Immigrant Victims of Crime in UK Being Referred to Immigration Enforcement Officials

When asked about handing over the details of the victims, more than half, 27, of 45 police forces responded saying that they did.


Immigrant victims of crime are being handed to UK’s immigration enforcement authorities by the police in the United Kingdom for alleged immigration offences, according to the BBC.

Out of 45 police forces in the United Kingdom who were asked about handing over the details of the victims, more than half, 27, replied in the affirmative while responding to BBC’s freedom of information requests.

While three respondents said that they did not, the rest of them either did not respond or did not give clear answers or said that they lacked information. According to critics, it could deter immigrant victims from seeking help and coming forward, the Mirror reported. The police forces included Essex police and Greater Manchester police, among others.

“Victims of crime must be treated first and foremost as victims. When individuals are found to have no basis in the United Kingdom, we carefully consider the details of the case before taking an enforcement action,” a spokesperson from the Home Office was quoted as saying by the Metro.

Pragna Patel from campaigning group Southall Black Sisters pointed out that handing over crime victims for immigration enforcement is in contrast with the promise made by the UK government to provide protection to all women from violence. “Since 2014, we’ve seen a steady rise in cases where the police have arrested women or reported women to the Home Office as potential illegals rather than deal with their reports of violence and rape,” Patel said, according to the Metro.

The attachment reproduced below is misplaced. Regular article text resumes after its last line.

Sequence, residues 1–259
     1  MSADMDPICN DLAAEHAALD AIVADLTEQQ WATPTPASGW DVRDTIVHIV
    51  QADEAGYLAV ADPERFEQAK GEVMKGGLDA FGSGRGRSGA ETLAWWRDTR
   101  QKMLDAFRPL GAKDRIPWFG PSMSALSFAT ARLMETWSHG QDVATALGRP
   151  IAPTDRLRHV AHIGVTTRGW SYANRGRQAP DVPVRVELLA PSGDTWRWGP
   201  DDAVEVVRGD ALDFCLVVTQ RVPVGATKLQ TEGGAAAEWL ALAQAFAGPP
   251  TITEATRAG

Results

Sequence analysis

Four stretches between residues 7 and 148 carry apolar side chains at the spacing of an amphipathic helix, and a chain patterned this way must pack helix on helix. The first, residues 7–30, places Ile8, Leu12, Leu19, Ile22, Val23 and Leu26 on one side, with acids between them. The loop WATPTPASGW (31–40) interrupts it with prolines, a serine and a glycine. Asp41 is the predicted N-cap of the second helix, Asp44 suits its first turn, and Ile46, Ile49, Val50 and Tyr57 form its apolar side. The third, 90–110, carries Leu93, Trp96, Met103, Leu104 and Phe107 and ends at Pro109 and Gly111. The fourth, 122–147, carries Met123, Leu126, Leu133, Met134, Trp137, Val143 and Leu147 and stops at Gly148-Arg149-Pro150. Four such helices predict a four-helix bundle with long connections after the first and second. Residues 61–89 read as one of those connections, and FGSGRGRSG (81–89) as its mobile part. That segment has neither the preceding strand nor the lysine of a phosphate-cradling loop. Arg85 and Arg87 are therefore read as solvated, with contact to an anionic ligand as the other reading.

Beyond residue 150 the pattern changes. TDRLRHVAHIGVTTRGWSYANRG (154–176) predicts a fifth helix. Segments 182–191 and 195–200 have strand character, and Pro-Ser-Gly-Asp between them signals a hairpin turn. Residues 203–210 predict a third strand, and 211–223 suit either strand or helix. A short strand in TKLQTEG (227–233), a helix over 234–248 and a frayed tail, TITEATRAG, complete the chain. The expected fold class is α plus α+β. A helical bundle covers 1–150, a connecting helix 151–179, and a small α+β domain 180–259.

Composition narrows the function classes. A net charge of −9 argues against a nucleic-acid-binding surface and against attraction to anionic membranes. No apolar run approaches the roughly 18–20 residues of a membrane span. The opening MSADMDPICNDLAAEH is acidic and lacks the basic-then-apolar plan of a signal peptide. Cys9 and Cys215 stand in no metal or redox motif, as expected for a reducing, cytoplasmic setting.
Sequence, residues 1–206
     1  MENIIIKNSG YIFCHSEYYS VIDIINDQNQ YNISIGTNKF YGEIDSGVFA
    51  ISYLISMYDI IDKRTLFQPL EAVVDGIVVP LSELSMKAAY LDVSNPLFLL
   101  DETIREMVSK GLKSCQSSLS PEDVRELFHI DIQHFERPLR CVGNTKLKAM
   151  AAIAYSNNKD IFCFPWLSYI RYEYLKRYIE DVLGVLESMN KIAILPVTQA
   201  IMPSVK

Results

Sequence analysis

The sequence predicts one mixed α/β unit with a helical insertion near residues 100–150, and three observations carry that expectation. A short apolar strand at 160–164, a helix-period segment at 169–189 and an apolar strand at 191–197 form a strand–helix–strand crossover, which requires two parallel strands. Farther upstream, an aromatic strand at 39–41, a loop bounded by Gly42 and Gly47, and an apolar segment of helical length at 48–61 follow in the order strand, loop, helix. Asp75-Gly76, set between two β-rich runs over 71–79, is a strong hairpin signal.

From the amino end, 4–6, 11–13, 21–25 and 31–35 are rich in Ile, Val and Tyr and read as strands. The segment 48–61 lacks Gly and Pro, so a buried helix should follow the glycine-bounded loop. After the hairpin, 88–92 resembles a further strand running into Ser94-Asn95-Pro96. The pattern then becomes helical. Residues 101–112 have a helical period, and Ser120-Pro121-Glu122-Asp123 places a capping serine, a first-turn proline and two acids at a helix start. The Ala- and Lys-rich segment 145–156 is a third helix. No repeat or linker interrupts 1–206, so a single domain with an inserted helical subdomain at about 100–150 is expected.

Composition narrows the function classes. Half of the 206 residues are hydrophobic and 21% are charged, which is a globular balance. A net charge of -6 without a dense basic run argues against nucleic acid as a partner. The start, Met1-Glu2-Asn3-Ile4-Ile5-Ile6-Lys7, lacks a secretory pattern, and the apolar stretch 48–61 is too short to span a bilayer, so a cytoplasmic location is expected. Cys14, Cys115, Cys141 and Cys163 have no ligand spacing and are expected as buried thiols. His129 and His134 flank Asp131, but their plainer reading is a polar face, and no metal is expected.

The police are considering if further advice to the forces is needed, Chief Constable Shaun Sawyer, National Police Chiefs’ Council (NPCC) Lead for Immigration Crime, said. “The police priority is to protect victims and investigate crime, and we are extremely careful about doing anything to deter victims from reporting to us. Each case is considered very carefully but there will be instances where police need to exchange information with the Home Office,” Sawyer was quoted as saying by the Guardian.

Police officers have the ability to refer some victims of crime to immigration enforcement since they have the freedom to check the backgrounds of these people on the police national computer (PNC) — a computer system used extensively by law enforcement organizations across the United Kingdom, the Guardian reported.

The police forces generally use their discretion whether or not to make these background checks on both British as well as foreign nationals — who report crimes to them — as they don’t need their permission, the Guardian reported. The victims, however, are not aware that the police is checking their backgrounds.

“Police are bound by the Human Rights Act to investigate crimes effectively, regardless of who the victim is – but this gives officers a license to act on their prejudices with no guidance, oversight or accountability,” Martha Spurrier, the director of the civil liberties organization Liberty said, calling it in a new low, according to the Guardian.

Spurrier added that it will leave people afraid to report crime, “robbing them of protection under the law and creating impunity for criminals who target vulnerable people with unsettled immigration status. This is criminalizing victims and letting criminals off the hook.”

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